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Microsoft Azure Targeted by Malicious NPM Packages

Microsoft Azure is being attacked by trick npm packages that are loaded with stealer malware to take personally identifiable information (PII).


researchers have discovered an attack that is targeting Azure with threatening npm packages. According to a report from JFrog, hundreds of malicious packages have been sent, but there may be more that are so far not discovered.

These npm packages are designed to take valuable personally identifiable information (PII). Researchers with JFrog, Shachar Menashe and Andrey Polkovnychenko say they found the repositories on March 21 with 50 packages and that number soon grew to 200.

The company explains how the attack is targeting :

“After manually inspecting some of these packages, it became apparent that this was a targeted attack against the entire @azure npm scope, by an attacker that employed an automatic script to create accounts and upload malicious packages that cover the entirety of that scope. Currently, the observed malicious payload of these packages were PII (Personally identifiable information) stealers.”

Attack Method

By creating automated scripts, the threat actor is targeting @azure npm scope, @azure-tests, @azure-rest, @cadl-lang, and @azure-tools. With the script, attackers can create accounts and upload the npm packages.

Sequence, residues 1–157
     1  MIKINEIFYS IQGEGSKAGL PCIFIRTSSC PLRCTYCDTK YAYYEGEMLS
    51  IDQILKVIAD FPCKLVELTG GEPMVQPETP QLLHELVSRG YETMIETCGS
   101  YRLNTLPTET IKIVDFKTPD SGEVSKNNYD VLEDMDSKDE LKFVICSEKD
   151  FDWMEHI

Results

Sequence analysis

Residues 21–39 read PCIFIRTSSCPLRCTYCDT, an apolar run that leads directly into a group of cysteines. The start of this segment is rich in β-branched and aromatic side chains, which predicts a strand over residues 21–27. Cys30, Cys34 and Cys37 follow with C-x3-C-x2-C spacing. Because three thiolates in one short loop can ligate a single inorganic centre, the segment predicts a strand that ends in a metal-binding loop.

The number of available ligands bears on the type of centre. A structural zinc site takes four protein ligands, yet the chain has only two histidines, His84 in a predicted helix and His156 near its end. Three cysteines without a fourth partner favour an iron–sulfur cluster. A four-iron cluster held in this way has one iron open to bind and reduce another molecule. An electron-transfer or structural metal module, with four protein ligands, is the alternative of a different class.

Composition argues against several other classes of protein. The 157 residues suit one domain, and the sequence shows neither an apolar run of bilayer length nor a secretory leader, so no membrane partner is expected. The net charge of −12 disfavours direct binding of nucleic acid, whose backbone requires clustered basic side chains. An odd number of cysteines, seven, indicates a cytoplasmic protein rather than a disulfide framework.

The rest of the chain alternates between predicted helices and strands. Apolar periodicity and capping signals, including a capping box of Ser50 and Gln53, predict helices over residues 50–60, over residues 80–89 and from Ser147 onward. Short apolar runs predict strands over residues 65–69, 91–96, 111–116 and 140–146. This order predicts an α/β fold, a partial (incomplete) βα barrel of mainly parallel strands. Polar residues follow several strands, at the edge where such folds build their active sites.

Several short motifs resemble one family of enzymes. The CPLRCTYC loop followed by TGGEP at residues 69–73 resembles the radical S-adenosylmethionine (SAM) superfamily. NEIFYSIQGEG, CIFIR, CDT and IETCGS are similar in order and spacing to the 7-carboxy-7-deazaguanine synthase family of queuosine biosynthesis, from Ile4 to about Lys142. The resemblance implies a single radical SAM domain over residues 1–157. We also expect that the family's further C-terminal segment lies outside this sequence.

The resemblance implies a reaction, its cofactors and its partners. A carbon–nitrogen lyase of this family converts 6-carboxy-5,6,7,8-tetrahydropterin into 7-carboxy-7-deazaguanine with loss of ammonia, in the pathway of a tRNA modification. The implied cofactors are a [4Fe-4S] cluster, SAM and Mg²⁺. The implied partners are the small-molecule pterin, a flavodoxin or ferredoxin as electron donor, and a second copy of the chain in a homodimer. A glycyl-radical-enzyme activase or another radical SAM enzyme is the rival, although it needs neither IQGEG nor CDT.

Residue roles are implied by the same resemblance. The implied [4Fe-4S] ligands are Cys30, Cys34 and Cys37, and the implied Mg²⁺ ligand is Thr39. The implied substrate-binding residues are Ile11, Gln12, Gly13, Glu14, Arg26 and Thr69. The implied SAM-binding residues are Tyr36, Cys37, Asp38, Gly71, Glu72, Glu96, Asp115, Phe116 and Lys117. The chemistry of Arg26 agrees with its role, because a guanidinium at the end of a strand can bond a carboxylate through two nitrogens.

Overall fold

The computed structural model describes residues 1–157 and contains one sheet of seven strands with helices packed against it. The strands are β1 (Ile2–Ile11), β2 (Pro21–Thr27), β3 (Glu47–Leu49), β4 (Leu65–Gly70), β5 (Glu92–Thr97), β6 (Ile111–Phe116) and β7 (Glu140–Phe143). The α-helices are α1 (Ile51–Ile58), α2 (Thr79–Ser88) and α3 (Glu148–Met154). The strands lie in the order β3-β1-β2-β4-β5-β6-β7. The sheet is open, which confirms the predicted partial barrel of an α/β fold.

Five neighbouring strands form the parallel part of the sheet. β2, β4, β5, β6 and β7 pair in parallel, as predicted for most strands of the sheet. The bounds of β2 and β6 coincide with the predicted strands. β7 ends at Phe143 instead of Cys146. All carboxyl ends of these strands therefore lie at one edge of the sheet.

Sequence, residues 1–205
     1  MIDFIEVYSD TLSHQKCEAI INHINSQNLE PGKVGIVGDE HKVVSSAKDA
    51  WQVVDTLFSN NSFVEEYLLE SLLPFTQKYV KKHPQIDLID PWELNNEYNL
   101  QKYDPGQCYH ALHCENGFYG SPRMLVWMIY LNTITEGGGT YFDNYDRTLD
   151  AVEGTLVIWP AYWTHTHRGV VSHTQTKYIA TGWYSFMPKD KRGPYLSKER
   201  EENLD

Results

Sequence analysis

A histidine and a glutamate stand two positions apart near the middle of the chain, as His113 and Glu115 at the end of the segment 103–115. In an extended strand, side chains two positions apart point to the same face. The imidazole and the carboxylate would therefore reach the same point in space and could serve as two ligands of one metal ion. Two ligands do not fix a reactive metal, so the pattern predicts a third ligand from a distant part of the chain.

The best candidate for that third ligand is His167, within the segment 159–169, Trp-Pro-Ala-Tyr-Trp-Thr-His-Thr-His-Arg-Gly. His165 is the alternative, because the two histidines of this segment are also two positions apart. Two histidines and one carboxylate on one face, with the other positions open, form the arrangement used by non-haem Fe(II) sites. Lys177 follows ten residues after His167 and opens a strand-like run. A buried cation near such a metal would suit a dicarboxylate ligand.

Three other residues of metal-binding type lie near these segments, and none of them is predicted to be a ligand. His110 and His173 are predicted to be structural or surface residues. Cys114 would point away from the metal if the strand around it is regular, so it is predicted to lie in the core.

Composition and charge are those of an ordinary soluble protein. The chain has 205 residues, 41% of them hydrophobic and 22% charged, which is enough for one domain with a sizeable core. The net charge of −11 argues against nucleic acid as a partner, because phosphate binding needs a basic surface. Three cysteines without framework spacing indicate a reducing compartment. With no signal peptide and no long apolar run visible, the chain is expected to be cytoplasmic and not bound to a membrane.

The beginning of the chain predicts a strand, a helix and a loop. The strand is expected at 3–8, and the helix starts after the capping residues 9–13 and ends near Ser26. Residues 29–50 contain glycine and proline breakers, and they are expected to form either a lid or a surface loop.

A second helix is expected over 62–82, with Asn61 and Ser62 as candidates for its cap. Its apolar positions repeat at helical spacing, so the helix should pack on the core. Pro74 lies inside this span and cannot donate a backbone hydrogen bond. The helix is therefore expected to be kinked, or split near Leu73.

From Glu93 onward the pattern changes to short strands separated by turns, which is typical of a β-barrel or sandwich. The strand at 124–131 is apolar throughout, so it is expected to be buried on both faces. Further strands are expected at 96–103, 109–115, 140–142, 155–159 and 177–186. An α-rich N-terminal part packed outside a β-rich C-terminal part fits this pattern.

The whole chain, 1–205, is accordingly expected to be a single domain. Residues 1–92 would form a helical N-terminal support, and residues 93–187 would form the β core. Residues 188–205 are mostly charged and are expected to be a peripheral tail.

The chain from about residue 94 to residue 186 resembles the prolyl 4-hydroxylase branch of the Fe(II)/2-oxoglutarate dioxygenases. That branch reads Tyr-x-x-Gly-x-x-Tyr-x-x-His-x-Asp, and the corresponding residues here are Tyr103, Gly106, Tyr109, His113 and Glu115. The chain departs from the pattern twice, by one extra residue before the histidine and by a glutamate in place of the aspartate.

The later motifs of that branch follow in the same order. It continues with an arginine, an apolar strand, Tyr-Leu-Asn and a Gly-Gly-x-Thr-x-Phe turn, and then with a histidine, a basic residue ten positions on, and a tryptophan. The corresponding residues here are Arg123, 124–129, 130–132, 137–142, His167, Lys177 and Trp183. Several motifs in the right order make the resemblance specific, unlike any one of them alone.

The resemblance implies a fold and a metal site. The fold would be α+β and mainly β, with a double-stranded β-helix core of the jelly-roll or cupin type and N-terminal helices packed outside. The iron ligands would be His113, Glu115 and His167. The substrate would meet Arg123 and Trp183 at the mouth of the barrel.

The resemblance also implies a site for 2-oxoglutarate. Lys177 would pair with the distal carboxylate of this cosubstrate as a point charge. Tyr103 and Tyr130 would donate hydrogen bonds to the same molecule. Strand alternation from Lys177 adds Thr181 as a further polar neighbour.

The threat involves using typosquatting to trick developers into downloading the sets. The malware within them has stealer software for taking data.

“The attacker is relying on the fact that some developers may erroneously omit the @azure prefix when installing a package,” the researchers add. “For example, running npm install core-tracing by mistake, instead of the correct command — npm install @azure/core-tracing.”

“Since this set of legitimate packages is downloaded tens of millions of times each week, there is a high chance that the typosquatting attack will successfully fool some developers,” JFrog says.

Tip of the day: Did you know that Windows now has a package manager similar to Linux called “Winget”? In our tutorial, we show you how to install and use this new tool that allows the quick installation of apps via PowerShell or a GUI.

Luke Jones
Luke Jones
Luke has been writing about all things tech for more than five years. He is following Microsoft closely to bring you the latest news about Windows, Office, Azure, Skype, HoloLens and all the rest of their products.

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